Creating a Programming language, part 1: Humble Beginnings

Where I started from

I was always sort of interested in trying to build a programming language, but – as usual with most of my projects – I always kinda just forgot about it and moved to the next project. I still do that a lot, and all of my projects are under threat of getting forgotten. That said, I’ve been working on Flower for something like a year and a half. Now I am confident enough that this maybe won’t end up in the scrap pile without showing any results. However, as it’s a hobby language, I don’t have endless hours to spend on it, which is why the development is a bit slow at times.

I don’t have any formal computer science education or training. I do, however, work in the software industry, and I have contributed to various open-source projects – including parts of LLVM. So I wasn’t new to this world by a long shot. It’s been kind of a lifelong hobby of mine.

I had gone through Kaleidoscope tutorial a couple of times with efforts like this but never got much further. What I wanted to build was always so different from Kaleidoscope. I felt like it was giving me a commented example of a small compiler frontend instead of teaching me how to do what I wanted. 

And I was kinda happy working with C++. It did most of the things I wanted and didn’t get in the way while doing them. Sure, I had to write a lot of library code, but much of that was reusable in my work, and I enjoyed making at least somewhat well-thought implementations of basic features which were absent from the C++ standard library. This peace lasted for a long time, and I was content.

The end of an age

But as time passed, I found myself at the place where I followed C++ development pretty closely and compiled my own compilers. I also found some new languages like Zig and Rust and started to follow some language development communities. (And made my own conlang, but not quite sure if that’s relevant)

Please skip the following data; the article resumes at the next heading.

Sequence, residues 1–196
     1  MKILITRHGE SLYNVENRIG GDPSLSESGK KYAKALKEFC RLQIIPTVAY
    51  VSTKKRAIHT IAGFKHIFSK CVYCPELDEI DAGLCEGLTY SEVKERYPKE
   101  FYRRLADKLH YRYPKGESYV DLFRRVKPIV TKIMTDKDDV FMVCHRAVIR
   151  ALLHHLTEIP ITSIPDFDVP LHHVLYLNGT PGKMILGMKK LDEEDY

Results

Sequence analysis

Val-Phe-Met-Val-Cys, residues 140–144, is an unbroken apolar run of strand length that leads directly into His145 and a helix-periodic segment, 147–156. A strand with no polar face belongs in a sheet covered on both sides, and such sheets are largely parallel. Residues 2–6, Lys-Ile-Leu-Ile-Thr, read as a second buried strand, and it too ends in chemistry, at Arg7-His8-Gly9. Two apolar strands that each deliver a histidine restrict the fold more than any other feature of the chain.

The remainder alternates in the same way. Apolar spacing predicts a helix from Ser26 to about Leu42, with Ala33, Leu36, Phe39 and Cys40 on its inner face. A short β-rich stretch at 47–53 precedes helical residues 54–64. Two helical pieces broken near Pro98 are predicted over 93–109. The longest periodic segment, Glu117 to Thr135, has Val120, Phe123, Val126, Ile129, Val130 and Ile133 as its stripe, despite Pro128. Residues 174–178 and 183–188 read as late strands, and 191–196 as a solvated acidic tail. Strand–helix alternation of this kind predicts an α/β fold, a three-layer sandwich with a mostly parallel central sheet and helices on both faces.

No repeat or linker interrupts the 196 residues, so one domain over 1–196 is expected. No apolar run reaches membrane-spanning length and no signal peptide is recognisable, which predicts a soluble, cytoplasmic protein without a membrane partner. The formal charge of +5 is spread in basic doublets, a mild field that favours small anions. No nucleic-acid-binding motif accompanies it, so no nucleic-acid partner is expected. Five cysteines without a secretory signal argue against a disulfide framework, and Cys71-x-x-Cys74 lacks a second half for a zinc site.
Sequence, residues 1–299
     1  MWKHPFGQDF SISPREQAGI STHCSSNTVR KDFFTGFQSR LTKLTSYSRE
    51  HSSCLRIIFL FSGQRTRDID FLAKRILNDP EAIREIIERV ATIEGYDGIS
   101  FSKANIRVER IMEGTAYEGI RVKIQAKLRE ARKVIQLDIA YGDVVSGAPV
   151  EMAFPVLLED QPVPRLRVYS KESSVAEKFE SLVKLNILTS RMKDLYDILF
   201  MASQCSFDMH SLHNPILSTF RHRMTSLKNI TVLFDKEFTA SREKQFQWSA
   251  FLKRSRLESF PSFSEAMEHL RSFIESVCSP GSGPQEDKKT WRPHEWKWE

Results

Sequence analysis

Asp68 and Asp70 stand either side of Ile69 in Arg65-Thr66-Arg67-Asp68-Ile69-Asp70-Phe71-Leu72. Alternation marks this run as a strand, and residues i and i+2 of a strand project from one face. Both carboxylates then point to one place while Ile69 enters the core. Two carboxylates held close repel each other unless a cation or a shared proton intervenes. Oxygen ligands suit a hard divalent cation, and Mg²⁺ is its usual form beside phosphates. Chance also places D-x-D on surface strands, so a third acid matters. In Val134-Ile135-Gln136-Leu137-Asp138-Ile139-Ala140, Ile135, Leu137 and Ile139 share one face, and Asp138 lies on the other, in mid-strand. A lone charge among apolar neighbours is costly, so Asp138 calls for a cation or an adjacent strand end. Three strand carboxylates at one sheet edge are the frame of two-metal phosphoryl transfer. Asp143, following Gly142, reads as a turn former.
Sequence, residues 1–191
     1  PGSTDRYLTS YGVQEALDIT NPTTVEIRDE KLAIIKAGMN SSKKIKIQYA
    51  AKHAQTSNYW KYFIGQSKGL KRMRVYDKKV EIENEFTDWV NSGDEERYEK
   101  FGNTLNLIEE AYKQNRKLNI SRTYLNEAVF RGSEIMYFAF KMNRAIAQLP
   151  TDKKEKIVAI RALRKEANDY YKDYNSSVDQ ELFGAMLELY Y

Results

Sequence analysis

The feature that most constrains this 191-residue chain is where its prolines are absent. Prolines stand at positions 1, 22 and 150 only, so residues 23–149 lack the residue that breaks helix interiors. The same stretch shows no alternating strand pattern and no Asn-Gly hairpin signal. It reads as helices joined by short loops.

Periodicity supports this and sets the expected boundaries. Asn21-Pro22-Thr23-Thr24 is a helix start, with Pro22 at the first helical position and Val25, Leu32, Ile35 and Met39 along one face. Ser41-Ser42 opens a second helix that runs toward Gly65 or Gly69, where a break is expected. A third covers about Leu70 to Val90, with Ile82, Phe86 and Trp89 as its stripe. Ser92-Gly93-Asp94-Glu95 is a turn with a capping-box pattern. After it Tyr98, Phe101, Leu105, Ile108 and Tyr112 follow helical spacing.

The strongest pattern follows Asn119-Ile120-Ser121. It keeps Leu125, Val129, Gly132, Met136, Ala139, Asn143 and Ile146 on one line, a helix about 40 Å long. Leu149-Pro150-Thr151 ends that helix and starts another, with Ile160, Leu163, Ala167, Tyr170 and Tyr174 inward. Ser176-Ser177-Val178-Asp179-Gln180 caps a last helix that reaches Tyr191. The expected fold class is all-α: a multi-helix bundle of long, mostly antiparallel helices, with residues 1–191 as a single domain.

I decided to give writing my own language one more try and finally got something running that was more to my liking.

And then I figured out that it was garbage.

I would have to scrap almost everything in order to get to the point I wanted to get to. But in the end, that garbage ended up being pretty good manure for the next iteration, which basically is what I’m working with now. It has gone through multiple rewrites, too, but it’s more like a Ship of Theseus now than something completely new.

When I finally got the new compiler to a stage where it could output, at least by some definition, a working program, I decided to do something new.

Why am I doing this?

Even if I end up scrapping this project or can’t get the language working as I want it to, I have been working on it and have learned a plethora of lessons. So I at least think there’s probably something valuable I can offer in the form of stories like this.

What I plan to discuss is a bit more practical story about how the language has changed during the first year of on-off-development, the development choices, the hurdles and broken expectations. They have come and gone while I have been working on the language. Maybe I can give some insight into compiler and language development at the same time. Some things I’ve tried didn’t work out for me, but maybe they could work out or just be interesting for you.

In the next part, I will discuss the ideas behind Flower Lang.

You can see more here: